North Korea: Atrocities
When night falls and the world lights up, there is an area that remains dark amidst the twinkling cities of East Asia, and that place is the hermit kingdom otherwise known as North Korea.
A land of mystery, we keep hearing about it in the news together with its current great leader and laughingstock Kim Jong Un (The Interview, anyone?). But North Korea, despite its failed missile launching and its pathetic attempts at showing force, is not a joke. Its existence is a reality that keeps around twenty-four million people in the grip of fear under a supposedly self-reliant socialist government that is constantly shocking the world.
North Korea became that way after Japan surrendered in World War II and split the country between the Soviets and the Americans. With a military-first policy, North Korea is run by the Worker’s Party of Korea that has left a string of unparalleled human rights violations that has no contemporary in this century.
The home to “some of the world’s most brutalized people” according to the Human Rights Watch, the North Korean population is strictly managed by the state in all aspects of daily life. There are heavy and strict restrictions on freedom of association, expression and movement, arbitrary detention, torture and other ill-treatment resulting in death, and executions. Extrajudicial apprehension is common especially if the crime is political and many are deported to labor camps without trial together with their whole family without a chance of being released.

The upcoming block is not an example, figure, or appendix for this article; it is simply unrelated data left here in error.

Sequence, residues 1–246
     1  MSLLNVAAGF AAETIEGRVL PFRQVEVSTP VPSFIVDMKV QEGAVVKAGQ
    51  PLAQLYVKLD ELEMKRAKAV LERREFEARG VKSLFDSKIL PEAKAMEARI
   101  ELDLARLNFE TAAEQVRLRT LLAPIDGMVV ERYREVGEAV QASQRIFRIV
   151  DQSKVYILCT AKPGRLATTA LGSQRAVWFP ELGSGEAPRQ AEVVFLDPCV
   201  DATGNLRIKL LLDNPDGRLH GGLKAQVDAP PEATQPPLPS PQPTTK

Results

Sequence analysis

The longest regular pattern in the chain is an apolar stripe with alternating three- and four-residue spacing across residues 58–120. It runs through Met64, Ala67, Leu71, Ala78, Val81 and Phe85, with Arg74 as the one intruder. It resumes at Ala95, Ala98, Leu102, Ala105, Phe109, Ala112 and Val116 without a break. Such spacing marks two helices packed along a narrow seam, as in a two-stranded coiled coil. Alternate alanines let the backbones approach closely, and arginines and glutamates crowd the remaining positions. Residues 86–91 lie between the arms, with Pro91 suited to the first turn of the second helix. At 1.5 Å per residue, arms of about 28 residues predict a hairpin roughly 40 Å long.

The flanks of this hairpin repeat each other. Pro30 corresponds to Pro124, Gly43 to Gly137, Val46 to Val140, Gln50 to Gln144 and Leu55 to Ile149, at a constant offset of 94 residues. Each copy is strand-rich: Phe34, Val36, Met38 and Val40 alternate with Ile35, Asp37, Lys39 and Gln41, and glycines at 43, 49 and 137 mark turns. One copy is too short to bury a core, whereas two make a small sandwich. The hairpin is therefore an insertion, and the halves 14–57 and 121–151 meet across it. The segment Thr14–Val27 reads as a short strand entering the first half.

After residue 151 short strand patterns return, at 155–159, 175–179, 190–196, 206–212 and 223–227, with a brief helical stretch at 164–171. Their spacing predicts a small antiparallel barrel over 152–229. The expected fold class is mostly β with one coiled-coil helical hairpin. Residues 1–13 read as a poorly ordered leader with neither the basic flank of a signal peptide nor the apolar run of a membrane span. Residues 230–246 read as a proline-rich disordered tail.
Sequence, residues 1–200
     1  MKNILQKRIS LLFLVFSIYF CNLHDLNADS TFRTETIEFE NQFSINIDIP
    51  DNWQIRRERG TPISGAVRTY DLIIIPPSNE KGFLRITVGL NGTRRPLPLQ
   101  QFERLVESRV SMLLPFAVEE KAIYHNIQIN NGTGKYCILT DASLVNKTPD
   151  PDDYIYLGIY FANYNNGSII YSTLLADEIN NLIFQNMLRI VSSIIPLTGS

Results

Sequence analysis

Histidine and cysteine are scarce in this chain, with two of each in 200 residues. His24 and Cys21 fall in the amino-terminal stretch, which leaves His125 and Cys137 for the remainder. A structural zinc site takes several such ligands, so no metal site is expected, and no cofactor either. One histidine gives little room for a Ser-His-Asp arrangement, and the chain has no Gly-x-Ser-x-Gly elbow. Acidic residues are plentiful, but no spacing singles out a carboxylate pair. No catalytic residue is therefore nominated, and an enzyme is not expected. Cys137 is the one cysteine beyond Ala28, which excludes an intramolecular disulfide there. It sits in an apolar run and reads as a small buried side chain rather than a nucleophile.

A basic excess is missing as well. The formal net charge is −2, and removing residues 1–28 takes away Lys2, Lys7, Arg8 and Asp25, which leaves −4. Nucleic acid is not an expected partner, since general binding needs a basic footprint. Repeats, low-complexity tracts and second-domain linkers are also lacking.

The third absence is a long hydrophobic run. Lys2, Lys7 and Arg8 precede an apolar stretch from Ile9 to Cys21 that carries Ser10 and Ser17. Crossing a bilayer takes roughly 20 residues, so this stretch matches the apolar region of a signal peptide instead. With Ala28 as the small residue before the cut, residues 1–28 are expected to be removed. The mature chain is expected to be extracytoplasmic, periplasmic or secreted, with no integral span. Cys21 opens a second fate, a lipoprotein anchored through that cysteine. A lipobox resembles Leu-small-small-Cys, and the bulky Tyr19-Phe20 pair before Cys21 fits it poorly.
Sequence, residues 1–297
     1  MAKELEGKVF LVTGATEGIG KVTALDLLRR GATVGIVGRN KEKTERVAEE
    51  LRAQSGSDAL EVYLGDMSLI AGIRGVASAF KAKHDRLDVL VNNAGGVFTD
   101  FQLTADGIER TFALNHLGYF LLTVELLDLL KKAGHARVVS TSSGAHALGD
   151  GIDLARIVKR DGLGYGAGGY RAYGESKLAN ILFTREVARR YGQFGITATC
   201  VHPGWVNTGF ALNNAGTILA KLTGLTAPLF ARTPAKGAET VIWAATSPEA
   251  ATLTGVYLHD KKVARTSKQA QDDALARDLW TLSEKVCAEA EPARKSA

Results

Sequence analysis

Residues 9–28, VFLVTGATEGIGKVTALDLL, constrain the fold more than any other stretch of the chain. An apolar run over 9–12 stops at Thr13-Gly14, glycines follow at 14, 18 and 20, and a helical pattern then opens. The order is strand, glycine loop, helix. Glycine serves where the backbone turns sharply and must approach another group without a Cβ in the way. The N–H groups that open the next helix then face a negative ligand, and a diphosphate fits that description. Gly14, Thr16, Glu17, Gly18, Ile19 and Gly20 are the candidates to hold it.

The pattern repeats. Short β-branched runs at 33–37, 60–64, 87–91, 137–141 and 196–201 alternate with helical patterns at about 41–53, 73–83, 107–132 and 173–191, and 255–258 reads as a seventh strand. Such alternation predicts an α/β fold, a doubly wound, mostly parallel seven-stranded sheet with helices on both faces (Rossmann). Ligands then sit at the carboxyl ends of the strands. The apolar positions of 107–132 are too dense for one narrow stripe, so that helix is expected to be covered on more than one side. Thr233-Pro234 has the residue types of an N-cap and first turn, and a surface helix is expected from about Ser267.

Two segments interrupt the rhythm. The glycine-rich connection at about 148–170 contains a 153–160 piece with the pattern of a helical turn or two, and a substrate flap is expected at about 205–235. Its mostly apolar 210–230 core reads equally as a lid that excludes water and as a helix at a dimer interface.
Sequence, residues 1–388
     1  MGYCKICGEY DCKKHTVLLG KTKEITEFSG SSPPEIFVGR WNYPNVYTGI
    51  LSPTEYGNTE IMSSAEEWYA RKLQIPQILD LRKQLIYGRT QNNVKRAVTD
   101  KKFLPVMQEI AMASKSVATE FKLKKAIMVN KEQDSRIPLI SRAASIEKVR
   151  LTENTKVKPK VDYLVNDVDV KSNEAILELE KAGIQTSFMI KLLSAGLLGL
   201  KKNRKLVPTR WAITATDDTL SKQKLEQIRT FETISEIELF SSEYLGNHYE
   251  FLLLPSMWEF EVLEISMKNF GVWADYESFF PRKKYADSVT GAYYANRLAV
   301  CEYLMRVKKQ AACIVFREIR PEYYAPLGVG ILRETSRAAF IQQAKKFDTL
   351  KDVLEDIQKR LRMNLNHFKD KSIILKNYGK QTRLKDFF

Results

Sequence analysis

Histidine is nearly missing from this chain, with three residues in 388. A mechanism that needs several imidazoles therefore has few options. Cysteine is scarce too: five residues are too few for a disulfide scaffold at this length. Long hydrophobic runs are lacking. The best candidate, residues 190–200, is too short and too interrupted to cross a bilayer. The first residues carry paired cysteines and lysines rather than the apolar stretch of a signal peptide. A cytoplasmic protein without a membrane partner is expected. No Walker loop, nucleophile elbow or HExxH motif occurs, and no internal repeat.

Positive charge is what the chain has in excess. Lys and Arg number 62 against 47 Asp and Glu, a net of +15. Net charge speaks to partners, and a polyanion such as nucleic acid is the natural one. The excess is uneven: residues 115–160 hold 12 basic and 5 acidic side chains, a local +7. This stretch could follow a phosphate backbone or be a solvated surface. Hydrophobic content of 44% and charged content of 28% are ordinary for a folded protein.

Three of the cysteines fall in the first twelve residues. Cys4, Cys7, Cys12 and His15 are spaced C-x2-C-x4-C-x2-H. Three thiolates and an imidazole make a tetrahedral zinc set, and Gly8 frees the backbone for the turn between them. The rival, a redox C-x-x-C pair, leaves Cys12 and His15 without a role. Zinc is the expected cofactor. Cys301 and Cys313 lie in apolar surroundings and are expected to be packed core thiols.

North Korean defectors have spoken out about the violations that happen within the borders where atrocities such as torture, starvation, rape, murder, medical experimentation, forced labor, and forced abortions are favored. The International Coalition to Stop Crimes against Humanity in North Korea has given a grave estimate of over ten thousand deaths in North Korean prison camps every year. With testimonies of Holocaust-like conditions, there are reports of children being attacked and eaten by guard dogs, families used in poison gas experiments, and women used as test subjects for deadly poisons, not to mention the use of prisoners as subjects by young doctors for plastic surgery without anesthesia. The department that heads these human experiments is called the Third Bureau, and it sends out a black van, known as the crow, when they run out of test subjects. It arrives once a month and takes forty or fifty people off to an unknown destination, and they never come back.
There has been an international criticism toward North Korea for these atrocities, and many have condemned the country for its disgraceful conduct on the world’s stage. Currently considered “not free” according to the nongovernment organization Freedom House, only time will tell if this totalitarian government will be allowed to continue its brutalization of its own people. But for now, all we can do is watch in horror as the people suffer.
Wikipedia. 2016. “North Korea.” Last modified November 14. Accessed November 16, 2016. https://en.wikipedia.org/wiki/North_Korea#Human_rights.
Hawkins, Harry. 2014. “Kids at North Korean Camp Were Torn Apart By Guard Dogs.” The Sun, February 26, 2014. Accessed November 16, 2016. https://www.thesun.co.uk/archives/news/629380/kids-at-north-korean-camp-were-torn-apart-by-guard-dogs/.
Wikipedia.2016. “Human Experimentation in North Korea.” Last modified October 9, 2010. Accessed November 16, 2016. https://en.wikipedia.org/wiki/Human_experimentation_in_North_Korea.